[rating=2]Starring: Tilda Swinton, Georgie Henley, Skandar Keynes, William Mosley, Anna Popplewell
Director(s): Andrew Adamson
Writer(s): Ann Peacock, Andrew Adamson, Christopher Markus, Stephen McFeely
The Chronicles of Narnia starts off well enough. The four engaging Pevensie children, Peter, Susan, Edmund and the irrepressible young Lucy, huddle in their living room while Hitler’s bombers strafe London. As the explosions near, their panicked mum herds them into the cellar. Next thing they know, they’re boarding a train for the safety of the English countryside. As their mother tearfully sends them off in the crush of the station, their anguish is palpable. Unfortunately, it is just about the most moving scene in the film. Because it is human.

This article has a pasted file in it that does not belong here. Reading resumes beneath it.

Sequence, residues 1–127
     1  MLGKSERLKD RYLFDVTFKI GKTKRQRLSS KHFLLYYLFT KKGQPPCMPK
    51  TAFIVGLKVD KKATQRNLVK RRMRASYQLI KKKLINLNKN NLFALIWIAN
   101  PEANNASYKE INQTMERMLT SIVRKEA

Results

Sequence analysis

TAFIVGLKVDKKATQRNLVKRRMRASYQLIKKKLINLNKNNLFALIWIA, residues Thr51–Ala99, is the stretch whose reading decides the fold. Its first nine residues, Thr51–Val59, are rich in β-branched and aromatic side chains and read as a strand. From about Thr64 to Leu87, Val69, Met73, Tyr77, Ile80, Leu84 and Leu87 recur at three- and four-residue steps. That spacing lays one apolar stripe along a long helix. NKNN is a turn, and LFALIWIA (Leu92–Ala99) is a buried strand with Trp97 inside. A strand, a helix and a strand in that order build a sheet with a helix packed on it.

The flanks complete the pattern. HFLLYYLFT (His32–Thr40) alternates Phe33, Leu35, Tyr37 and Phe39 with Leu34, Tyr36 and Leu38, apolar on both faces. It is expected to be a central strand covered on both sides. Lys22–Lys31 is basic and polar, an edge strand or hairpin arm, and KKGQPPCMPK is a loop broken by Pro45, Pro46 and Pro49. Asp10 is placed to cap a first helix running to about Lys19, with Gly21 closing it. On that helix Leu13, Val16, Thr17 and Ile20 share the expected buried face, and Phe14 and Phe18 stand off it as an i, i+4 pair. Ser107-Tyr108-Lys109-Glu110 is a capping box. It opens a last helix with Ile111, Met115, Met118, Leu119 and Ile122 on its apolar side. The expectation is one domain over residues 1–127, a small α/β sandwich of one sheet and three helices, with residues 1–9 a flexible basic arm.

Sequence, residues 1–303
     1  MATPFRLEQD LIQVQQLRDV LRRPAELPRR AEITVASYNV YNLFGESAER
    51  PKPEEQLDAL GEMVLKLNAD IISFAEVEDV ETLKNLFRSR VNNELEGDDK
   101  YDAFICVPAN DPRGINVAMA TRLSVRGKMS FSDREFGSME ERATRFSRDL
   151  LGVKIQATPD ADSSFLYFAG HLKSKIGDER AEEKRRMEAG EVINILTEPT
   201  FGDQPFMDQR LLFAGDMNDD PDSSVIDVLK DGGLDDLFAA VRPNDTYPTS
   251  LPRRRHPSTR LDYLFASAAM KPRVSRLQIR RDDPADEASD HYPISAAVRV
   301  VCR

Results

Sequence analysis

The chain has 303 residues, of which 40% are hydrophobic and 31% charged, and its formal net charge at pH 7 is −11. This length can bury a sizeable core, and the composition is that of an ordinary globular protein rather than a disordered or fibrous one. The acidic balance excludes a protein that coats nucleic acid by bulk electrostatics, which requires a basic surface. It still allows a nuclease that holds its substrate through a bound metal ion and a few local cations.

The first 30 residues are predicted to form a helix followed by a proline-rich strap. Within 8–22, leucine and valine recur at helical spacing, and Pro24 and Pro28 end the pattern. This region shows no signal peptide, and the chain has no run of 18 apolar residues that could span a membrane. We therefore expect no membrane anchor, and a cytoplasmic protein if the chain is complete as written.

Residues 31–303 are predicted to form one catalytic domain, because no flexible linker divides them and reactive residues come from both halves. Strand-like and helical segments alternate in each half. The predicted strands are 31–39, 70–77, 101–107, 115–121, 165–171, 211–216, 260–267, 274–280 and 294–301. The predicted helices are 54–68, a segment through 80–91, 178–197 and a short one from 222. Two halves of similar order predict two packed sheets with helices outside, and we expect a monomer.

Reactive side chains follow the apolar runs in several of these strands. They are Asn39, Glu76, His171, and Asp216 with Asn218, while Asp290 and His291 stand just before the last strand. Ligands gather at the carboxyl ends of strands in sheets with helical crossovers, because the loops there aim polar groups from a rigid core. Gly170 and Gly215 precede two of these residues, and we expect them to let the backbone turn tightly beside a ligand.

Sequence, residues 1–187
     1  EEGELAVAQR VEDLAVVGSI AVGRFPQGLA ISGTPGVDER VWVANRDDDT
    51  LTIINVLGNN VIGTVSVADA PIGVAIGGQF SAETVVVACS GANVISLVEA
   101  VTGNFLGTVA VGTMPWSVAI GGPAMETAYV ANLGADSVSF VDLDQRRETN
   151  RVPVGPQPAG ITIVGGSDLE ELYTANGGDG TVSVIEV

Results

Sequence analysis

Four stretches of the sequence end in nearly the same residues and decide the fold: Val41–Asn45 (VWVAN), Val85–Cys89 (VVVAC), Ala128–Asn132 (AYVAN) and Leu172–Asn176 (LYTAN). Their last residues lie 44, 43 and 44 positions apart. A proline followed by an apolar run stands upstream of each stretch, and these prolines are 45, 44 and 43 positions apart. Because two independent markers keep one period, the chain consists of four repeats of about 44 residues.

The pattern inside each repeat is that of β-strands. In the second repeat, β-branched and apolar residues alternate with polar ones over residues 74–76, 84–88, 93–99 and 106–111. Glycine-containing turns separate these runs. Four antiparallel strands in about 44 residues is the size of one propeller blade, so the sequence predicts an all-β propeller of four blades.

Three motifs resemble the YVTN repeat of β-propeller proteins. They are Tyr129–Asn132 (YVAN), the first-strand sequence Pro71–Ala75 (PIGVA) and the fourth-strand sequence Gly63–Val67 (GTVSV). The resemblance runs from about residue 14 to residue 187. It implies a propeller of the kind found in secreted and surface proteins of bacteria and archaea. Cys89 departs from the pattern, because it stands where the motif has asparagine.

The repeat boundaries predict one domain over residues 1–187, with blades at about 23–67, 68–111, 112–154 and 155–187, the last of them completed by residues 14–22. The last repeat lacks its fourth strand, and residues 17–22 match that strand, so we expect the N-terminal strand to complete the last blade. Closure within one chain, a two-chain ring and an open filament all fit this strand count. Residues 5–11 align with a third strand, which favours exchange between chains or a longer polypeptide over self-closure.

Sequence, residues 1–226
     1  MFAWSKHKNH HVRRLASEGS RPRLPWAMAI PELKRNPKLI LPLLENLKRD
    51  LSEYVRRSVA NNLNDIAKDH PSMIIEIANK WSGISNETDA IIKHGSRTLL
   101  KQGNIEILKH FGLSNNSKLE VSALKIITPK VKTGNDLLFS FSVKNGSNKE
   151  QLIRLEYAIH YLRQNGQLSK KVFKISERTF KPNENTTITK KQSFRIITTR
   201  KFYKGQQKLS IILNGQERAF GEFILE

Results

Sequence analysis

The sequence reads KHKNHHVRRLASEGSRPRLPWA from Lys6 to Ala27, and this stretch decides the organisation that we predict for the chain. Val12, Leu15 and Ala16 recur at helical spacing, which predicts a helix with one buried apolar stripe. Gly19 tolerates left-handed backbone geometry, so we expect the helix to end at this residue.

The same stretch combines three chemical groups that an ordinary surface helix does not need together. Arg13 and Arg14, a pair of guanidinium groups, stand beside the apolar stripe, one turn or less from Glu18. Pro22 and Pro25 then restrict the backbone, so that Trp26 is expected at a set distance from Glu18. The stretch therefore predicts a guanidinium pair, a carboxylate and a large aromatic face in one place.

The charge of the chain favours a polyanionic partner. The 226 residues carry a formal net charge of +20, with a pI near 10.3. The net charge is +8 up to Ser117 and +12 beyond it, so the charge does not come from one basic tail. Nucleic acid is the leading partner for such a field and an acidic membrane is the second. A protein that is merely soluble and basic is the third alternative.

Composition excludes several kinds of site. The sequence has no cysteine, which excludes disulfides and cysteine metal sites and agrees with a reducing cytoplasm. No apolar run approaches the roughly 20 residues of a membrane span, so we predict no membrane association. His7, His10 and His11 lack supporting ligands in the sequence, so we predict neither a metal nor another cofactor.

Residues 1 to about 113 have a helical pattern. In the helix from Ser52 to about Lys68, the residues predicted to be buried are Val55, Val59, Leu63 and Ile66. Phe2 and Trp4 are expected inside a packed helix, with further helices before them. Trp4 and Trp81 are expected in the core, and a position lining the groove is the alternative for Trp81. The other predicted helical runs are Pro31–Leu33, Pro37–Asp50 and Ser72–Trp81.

So, too, is the interplay between the siblings as they try to keep a stiff upper lip while making themselves at home in the huge country estate of the mysterious Professor Kirke (Jim Broadbent in a role better suited to Christopher Lloyd.) While these scenes are slow, there is definite life to them, and the sets are rich, varied, and intriguing. And so we are hopeful when Lucy, having found the perfect place to secret herself during a game of hide and seek, discovers that the wardrobe she’s climbed into is actually the door to a snow covered forest. Our sense of wonder grows as she meets a friendly faun (a.k.a., satyr) who introduces himself as Mr. Tumnus. Vividly played by James McAvoy, we feel a thrilling pinprick of magic, and are both delighted, and a little fearful, when Lucy happily agrees to go to his house for tea. His home turns out to be a hobbit like cave in the side of a rock hill with an arched door, and as she enters the look in his eyes tells us that all is not as benign as it seems. While we know that she can’t actually be in the kind of danger this intimates, it is still riveting.